Currently I work with the University of Washington's Center for Experiential Learning & Diversity teaching a course entitled "Strengths-based Education: Serving the Under-served" A course rooted in Positive Psychology & Positive Education. The university students are required to mentor or tutor students in the local public schools. We facilitate the use of evidenced-based strategies to encourage success with at-risk or underserved populations. I continue to do parent programs, professional development for educators, consult and maintain a small private practice doing Positive Psychology coaching & mentoring. I prefer those terms to more deficit oriented practices associated with counseling & therapy. I follow the work of the International Positive Psychology Association and the work at Penn (www.authentichappiness.org ) being done by Dr Martin Seligman and others.
I am so very excited to be part of the AMA family. I have a deep love & respect for Viet Nam. I admire the culture, emphasis on family, work ethic & resilience of the people. I have had the great pleasure of knowing and working with Natalie Pham for the last ten years and look forward to getting to know the rest of the AMA members as well.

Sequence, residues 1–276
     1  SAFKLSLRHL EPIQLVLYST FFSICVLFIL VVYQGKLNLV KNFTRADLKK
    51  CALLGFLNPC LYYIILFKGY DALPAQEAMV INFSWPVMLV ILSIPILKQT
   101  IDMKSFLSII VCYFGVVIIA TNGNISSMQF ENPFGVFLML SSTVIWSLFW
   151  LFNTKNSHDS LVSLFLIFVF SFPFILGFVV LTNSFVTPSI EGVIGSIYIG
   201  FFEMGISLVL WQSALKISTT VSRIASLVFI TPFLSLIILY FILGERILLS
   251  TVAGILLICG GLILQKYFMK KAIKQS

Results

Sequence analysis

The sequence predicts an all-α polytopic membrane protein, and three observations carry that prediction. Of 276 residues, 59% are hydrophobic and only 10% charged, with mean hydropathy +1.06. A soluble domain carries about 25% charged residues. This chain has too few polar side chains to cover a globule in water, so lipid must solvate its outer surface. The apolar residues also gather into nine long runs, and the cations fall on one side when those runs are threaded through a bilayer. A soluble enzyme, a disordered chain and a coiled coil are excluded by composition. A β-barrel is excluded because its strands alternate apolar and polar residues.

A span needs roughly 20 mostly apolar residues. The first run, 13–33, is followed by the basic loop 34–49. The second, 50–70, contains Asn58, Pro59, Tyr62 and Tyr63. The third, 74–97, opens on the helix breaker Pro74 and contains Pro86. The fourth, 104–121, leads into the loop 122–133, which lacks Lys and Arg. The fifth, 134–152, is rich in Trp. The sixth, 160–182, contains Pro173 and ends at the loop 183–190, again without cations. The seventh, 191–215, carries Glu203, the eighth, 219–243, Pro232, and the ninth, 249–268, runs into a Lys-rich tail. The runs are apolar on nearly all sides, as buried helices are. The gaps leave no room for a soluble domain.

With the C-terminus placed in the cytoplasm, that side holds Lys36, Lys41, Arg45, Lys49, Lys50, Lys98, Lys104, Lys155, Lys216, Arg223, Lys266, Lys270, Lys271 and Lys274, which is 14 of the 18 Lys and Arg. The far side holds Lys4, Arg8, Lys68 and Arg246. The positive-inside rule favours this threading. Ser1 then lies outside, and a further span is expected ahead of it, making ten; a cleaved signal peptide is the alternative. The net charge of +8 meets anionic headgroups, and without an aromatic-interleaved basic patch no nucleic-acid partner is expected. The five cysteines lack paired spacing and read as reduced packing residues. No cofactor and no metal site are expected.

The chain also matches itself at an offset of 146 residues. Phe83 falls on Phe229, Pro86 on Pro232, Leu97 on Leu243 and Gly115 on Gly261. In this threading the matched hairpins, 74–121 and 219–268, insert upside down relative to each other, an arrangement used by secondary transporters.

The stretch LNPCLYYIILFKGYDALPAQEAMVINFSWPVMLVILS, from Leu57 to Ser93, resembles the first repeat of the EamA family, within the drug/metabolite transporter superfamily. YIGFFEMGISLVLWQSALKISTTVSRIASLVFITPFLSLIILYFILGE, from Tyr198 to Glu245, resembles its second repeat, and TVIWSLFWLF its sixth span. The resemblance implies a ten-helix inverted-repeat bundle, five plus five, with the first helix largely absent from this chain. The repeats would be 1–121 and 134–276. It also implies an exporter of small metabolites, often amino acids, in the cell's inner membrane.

I still believe that education empowers individuals, families, & communities. I have always tried to work professionally with the simple "my kid" rule. What is it that I want for my kid(s)? And why would I want anything less for the children & families in Viet Nam? I leaned as a young man that war is not an answer. I believe a quality education for all is at least part of the answer for a better future. Encouraging & supporting those who teach can have a profound effect on generations to come. AMA is poised to have a powerful impact on people’s lives. I am proud to play a small part.”